Time magazine decided to publish a symposium on "What Is a Conservative?" in its February 13 edition employing "voices of -- and experts on -- the right," including Erick Erickson, Rich Lowry, Ramesh Ponnuru, Ann Coulter, Grover Norquist, Pete Wehner, and libertarian Nick Gillespie. The obvious non-conservative "expert" in this group is Sam Tanenhaus, editor of the New York Times Book Review. Time failed to explain that this very puzzling inclusion is the man who just wrote a book in 2009 forecasting "The Death of Conservatism," which in intellectual history is about as embarrassing as Geraldo Rivera standing in front of Al Capone's alleged vault.
Tanenhaus naturally lectured that "Every ambitious Republican President since Abraham Lincoln" understood that calling for smaller government is meaningless.
He began by quoting Harry Jaffa, touted as the writer of Barry Goldwater's "incendiary" acceptance speech at the 1964 GOP convention. "Calling for smaller government is essentially a meaningless idea, because what we need is not larger or smaller government but government that does the job it's supposed to do."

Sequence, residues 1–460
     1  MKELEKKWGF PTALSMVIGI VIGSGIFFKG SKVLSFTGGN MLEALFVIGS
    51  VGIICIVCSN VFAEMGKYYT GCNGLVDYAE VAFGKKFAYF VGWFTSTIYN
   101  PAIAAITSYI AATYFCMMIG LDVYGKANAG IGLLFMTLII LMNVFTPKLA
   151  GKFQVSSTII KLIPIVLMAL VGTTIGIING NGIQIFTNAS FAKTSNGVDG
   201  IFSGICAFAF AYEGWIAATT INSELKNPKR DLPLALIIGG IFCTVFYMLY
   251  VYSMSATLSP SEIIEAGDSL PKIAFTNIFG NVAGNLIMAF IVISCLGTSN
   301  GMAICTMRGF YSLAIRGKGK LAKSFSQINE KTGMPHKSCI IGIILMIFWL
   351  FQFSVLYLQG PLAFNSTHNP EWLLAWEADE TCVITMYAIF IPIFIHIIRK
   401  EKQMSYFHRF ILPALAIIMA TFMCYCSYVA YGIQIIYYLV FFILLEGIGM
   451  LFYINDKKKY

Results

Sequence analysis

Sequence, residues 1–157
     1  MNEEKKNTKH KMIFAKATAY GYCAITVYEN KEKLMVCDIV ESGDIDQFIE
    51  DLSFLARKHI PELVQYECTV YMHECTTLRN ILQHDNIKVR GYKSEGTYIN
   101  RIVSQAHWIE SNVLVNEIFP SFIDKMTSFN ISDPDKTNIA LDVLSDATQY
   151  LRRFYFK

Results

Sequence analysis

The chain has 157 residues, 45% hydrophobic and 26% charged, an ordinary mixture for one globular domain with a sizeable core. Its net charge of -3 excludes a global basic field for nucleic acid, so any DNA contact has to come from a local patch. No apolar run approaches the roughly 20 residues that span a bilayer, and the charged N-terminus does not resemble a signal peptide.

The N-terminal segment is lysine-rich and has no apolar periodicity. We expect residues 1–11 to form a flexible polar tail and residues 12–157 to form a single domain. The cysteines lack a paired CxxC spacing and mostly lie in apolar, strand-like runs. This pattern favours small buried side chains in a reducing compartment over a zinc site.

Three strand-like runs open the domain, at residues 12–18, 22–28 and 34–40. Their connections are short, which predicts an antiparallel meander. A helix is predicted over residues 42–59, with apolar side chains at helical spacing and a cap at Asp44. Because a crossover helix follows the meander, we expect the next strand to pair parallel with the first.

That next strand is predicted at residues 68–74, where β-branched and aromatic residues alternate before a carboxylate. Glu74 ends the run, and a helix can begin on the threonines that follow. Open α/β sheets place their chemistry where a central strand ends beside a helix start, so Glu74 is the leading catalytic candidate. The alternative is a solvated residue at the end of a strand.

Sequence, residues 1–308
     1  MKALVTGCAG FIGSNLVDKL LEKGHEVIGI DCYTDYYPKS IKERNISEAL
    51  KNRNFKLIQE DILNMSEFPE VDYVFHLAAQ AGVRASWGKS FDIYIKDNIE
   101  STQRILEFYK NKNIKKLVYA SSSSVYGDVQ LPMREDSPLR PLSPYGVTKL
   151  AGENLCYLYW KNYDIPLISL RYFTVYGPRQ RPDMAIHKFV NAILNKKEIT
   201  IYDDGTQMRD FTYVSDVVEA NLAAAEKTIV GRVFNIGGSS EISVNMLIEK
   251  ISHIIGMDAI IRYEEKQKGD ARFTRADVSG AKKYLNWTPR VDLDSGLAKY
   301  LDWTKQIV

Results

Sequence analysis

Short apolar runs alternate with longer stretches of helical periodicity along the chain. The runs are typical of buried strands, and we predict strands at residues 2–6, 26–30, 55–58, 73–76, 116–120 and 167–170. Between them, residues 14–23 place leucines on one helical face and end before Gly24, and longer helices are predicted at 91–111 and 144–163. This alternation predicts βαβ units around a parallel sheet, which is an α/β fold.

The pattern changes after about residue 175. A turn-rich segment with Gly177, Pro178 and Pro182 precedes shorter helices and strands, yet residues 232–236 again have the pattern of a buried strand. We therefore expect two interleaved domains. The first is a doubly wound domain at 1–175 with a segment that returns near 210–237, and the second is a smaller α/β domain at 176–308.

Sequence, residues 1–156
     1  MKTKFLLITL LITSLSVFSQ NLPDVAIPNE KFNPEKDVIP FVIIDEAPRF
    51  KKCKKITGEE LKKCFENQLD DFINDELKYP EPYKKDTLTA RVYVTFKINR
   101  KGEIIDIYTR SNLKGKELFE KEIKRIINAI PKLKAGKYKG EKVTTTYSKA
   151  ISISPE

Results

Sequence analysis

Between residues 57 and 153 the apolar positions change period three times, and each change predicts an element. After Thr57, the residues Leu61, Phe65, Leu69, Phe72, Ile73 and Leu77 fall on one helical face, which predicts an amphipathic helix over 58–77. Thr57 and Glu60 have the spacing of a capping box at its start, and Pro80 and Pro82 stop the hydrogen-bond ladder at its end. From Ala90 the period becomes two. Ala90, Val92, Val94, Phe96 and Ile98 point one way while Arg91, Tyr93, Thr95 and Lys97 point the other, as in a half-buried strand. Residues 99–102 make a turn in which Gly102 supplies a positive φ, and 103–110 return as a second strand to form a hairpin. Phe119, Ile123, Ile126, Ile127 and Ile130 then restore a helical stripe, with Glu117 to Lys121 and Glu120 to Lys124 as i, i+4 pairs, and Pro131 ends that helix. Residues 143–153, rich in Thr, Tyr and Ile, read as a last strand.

Tanenhaus doesn't square this with the author of "extremism in the defense of liberty is no vice." He was lecturing the Tea Party:
Every ambitious Republican President since Abraham Lincoln understood this, whether it was Theodore Roosevelt reining in the trusts, Dwight Eisenhower muscling through the interstate highway system or Richard Nixon, who began his first term in 1969 with a plan " not to dismantle the Gret Society but to try and do it better," to quote Daniel Patrick Moynihan, the Democrat whom Nixon recruited to lead his anti-poverty program.
Nixon knew that Americans, much though they professed to dislike Big Government, still expected it to solve themost pressing social problems. Long ago, the archconservative Robert Taft, "Mr. Republican," famous for battling the New Deal, spoke not of undoing government but of achieving "sound government." He pushed for federally subsidized low-income housing and the promise of "reasonable material standards of living."
This was also the premise of the silly Tanenhaus "Death of Conservatism" book, that conservatism's goal should be to consolidate liberal statism when liberals lose elections. Tanenhaus proclaimed today's conservative movement was like "the exhumed figures of Pompeii, trapped in postures of frozen flight, clenched in the rigor mortis of a defunct ideology."
How on Earth would that make Time think he's an "expert on" conservatism? Clearly, they're all engaged in some very un-factual wishful thinking.